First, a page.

Changing consumer-spending habits produce opportunity
November 21, 2017
In recent years, consumer shopping preferences have undergone considerable changes. While we can all see the changes in ecommerce resulting from the Amazon effect, for investors it’s important to understand both what’s driving trends, and how multiple shifts are taking place in consumer spending.
These shifts can offer investment opportunity because they often represent major secular trends in consumers’ habits. Such trends are frequently either misidentified, or not completely understood. Let’s discuss three major developments we see currently in US consumer spending: online shopping and ecommerce; experience shopping (such as entertainment and gaming, hotels, and restaurants); and spending on big-ticket items like home-related purchases and leisure spending.
The secular shift to ecommerce
Amazon, with its business model that includes low prices, large assortment, and Prime membership, has led consumers to expect free and fast delivery, making it more difficult for traditional retailers to compete online. Amazon is the most cited leader in a general trend toward ecommerce. A greater availability of online shopping options in general is driving this spending shift, but so is the rise and increasing importance of the millennial consumer, aged 18-34.
Millennials, who grew up in a technology age, are now the largest population cohort the United States has ever seen. At more than 75 million people, millennials have surpassed baby boomers in size, comprising 25% of the US population and accounting for more than 20% of consumer spending (source: Wells Fargo Securities).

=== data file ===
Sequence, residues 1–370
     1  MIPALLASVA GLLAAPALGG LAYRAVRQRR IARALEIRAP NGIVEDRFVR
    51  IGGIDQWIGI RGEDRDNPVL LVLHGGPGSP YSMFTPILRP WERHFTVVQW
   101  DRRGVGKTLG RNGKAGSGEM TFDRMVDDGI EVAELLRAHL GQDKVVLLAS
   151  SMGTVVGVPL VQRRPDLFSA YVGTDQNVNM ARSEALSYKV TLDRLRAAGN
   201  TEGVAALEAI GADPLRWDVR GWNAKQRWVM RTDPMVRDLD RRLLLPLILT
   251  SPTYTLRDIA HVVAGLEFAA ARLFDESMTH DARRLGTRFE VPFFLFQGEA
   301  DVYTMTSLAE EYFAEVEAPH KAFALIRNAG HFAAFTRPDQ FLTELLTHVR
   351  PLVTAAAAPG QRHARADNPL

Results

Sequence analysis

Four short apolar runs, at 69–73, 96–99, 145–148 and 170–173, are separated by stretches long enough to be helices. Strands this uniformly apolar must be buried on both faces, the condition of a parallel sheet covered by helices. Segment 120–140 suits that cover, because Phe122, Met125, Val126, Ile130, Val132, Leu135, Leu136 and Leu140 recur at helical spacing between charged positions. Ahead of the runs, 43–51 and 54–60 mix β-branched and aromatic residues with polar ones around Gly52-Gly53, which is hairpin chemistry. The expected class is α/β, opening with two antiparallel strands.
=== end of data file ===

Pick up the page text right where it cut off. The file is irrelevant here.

Another factor in consumer spending, regardless of generation, is that US consumers have become increasingly “channel agnostic.” They make purchases when and where they want, 24/7, and have come to expect the convenience of not only simplified shopping online but expedited, inexpensive delivery.
Growth of online shopping
According to the US Department of Commerce and Wells Fargo Securities, US ecommerce grew 15% to $390 billion in 2016 (on top of 14% growth in 2015), accounting for 8% of total retail sales in 2016, compared to just 4.9% in 2011. However, US ecommerce reached 12.5% of total retail sales in 2016 within our addressable markets, using the same government economic data.
Online penetration in the US has accelerated from a 10-year average of 40-50 basis points per year to 76 basis points per year in 2015 and 84 basis points per year in 2016 (see Chart 1), and continues to rise. (One basis point equals one-hundredth of a percentage point.)
While the Amazon story bears watching, we believe the trend toward ecommerce continues to evolve and can potentially affect a growing number of industries. A critical factor, in our view, is for investors to anticipate the needs and wants of the millennial consumer. Millennials’ influence as an economic force can only be expected to grow in coming years as this cohort moves into peak spending years.
We think consumer-based companies that can adapt their models to capitalize on consumers' shifting preference for “digital” consumption, or that can offer products, services, and experiences that cannot be replicated well online, will be the ones likely to succeed and take market share.
Chart 1: The rate of ecommerce penetration growth is accelerating